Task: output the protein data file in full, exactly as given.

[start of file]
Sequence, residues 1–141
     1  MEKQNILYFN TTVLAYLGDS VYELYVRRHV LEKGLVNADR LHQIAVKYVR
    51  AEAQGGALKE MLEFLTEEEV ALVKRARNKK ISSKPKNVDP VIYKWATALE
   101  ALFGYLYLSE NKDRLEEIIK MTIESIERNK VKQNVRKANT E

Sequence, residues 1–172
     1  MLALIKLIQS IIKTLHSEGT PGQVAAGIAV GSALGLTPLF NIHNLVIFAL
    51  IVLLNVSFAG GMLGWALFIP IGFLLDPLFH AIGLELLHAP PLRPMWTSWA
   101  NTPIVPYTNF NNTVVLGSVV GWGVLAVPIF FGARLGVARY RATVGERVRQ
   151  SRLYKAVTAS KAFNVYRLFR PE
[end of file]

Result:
Sequence, residues 1–141
     1  MEKQNILYFN TTVLAYLGDS VYELYVRRHV LEKGLVNADR LHQIAVKYVR
    51  AEAQGGALKE MLEFLTEEEV ALVKRARNKK ISSKPKNVDP VIYKWATALE
   101  ALFGYLYLSE NKDRLEEIIK MTIESIERNK VKQNVRKANT E

Sequence, residues 1–172
     1  MLALIKLIQS IIKTLHSEGT PGQVAAGIAV GSALGLTPLF NIHNLVIFAL
    51  IVLLNVSFAG GMLGWALFIP IGFLLDPLFH AIGLELLHAP PLRPMWTSWA
   101  NTPIVPYTNF NNTVVLGSVV GWGVLAVPIF FGARLGVARY RATVGERVRQ
   151  SRLYKAVTAS KAFNVYRLFR PE